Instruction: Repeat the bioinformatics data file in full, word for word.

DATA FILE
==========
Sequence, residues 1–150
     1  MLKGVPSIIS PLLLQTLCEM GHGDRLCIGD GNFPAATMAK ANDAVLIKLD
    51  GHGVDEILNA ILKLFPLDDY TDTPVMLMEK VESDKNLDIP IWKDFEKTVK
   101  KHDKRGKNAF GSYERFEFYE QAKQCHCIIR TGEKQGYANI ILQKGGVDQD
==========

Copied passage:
Sequence, residues 1–150
     1  MLKGVPSIIS PLLLQTLCEM GHGDRLCIGD GNFPAATMAK ANDAVLIKLD
    51  GHGVDEILNA ILKLFPLDDY TDTPVMLMEK VESDKNLDIP IWKDFEKTVK
   101  KHDKRGKNAF GSYERFEFYE QAKQCHCIIR TGEKQGYANI ILQKGGVDQD